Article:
“Jackson writes back terribly huffy, saying ‘I’m not going to be buried in an emperor’s tomb,’ ” says Beard. The odyssey of the sarcophagus after its rejection by Jackson, a restless journey from one B-list Washington spot to another, is as interesting to Beard as the provenance of the object itself.
These stories, supplemented by others from the Renaissance and the Enlightenment, are part of a series of questions that Beard will explore. When did the mystique of Roman power iconography begin to fade? (Sometime around the First World War, with outliers well into the past century.) Beard says she also wants to take the public well beyond the familiar territory of marble busts, into other art forms, including painting, a rich trove of material she knows intimately from having studied Pompeii. Beard will also examine disparate other forms of art and iconography, including coins, ancient silver cups, tapestries, cookie molds, cameos and Renaissance painting. And she mentions a photograph, found by a respondent to her blog, of Franklin Delano Roosevelt at a toga party.
“He wasn’t a kid” when it was made, she says. “Was that a joke? Was he being set up?”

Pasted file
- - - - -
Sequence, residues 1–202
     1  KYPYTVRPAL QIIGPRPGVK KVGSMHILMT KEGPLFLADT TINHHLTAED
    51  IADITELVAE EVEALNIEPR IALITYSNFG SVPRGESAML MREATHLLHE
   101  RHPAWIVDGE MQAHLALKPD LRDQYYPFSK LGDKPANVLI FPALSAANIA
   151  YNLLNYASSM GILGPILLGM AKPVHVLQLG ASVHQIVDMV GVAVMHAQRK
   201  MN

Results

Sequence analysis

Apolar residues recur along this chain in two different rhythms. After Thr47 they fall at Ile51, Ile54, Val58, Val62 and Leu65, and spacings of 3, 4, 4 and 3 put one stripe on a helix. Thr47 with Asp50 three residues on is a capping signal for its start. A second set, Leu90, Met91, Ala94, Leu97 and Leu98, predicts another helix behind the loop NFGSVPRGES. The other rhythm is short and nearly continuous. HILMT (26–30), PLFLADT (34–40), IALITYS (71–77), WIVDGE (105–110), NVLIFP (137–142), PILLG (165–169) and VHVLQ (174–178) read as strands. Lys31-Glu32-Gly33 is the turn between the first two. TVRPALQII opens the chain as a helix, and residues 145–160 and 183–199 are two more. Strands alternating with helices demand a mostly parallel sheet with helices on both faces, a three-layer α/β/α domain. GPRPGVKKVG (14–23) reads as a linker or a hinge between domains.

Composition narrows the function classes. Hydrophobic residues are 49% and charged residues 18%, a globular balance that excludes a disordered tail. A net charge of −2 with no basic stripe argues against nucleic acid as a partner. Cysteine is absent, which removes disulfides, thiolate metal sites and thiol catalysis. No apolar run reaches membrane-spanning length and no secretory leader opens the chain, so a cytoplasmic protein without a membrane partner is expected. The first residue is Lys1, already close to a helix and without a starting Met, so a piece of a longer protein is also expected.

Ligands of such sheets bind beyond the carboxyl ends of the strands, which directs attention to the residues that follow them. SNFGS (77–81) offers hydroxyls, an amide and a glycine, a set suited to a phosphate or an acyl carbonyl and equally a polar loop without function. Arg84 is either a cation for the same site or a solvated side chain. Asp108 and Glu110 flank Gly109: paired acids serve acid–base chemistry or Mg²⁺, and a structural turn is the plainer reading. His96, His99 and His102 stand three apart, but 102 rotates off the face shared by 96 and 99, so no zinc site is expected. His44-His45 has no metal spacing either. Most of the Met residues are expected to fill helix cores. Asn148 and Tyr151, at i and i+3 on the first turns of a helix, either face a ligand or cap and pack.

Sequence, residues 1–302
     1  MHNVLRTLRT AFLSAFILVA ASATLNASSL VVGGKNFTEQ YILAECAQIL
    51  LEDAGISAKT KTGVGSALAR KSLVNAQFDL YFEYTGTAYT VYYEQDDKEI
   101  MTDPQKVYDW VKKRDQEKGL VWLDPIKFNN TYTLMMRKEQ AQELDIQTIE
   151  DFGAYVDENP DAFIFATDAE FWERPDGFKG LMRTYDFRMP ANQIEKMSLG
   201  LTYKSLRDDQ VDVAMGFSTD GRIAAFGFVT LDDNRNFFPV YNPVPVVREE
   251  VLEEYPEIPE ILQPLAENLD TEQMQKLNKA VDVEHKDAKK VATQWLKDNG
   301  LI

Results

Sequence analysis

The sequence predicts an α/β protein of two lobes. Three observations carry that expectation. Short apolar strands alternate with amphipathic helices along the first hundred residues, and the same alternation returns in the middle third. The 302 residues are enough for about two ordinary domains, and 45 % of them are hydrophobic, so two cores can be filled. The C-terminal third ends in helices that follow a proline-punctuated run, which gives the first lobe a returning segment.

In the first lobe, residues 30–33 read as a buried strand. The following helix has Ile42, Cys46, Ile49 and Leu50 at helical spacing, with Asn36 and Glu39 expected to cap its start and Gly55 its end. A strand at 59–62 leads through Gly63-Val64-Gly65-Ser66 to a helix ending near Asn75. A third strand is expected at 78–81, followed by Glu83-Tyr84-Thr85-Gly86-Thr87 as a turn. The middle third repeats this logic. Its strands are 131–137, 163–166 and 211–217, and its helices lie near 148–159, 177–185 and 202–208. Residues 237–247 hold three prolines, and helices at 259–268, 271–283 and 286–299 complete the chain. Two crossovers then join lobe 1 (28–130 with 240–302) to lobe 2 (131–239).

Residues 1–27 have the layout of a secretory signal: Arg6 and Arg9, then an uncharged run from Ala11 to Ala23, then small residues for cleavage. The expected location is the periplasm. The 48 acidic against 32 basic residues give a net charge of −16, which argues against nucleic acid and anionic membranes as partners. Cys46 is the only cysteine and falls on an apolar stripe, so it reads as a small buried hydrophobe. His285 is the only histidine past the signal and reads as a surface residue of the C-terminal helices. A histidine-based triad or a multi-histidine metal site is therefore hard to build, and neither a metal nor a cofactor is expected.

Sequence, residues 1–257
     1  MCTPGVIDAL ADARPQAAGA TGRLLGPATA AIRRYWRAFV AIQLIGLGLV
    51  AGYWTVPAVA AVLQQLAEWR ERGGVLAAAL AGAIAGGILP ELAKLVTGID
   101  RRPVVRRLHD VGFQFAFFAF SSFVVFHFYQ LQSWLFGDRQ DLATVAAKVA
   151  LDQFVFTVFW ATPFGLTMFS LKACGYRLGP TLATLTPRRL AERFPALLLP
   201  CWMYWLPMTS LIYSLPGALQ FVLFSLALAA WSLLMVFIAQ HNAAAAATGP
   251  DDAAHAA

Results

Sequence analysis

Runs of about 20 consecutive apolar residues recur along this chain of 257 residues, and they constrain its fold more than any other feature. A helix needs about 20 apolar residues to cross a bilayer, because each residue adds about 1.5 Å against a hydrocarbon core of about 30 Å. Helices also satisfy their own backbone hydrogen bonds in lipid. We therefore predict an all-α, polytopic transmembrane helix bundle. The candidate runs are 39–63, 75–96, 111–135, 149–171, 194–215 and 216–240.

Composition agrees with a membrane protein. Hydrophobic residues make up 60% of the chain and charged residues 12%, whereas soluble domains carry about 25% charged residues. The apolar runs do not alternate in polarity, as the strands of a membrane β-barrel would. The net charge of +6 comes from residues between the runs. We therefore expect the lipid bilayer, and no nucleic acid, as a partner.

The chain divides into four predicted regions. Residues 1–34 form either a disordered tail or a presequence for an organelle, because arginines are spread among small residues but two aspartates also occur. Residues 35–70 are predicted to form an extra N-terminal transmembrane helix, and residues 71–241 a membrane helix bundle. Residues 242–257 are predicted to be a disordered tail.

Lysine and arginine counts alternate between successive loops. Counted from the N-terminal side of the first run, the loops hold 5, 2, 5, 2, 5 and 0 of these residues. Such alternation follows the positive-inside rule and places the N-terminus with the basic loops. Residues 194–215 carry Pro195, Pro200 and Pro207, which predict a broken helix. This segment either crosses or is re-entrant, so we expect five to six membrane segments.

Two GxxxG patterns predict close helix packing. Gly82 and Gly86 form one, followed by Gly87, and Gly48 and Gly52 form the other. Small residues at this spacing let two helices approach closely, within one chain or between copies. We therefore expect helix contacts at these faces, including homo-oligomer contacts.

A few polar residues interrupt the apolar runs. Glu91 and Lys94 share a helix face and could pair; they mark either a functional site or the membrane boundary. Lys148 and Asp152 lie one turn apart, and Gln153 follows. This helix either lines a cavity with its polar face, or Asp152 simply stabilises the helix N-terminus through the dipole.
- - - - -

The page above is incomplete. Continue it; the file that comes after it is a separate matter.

She is as much interested in transmission through the centuries of an image as she is in the original function or meaning of the image (which more often than not we can’t divine). An example from her history of classical art shows how historical misunderstanding of ancient objects can create powerful new ideas and art, giving scholars layers upon layers of stories, none of which is privileged just because it is more or less ancient. When a statue of an old man, in what seems to be physical agony, was discovered during the Renaissance, it was assumed to be Seneca, the tutor and ultimately victim of Nero. So famous was Seneca’s forced suicide, in a bath, that someone decided to add a tub to the statue, to make the Senecan connection obvious. Peter Paul Rubens then based his 1608 painting of “The Death of Seneca” on the statue, which is now believed to represent an old fisherman. And thus an iconic image of stoicism and speaking truth to power is downgraded to peasant bathos, and one hunts in vain for it in the standard English-language visitor’s guide to the Louvre, where it was once a show-stopper.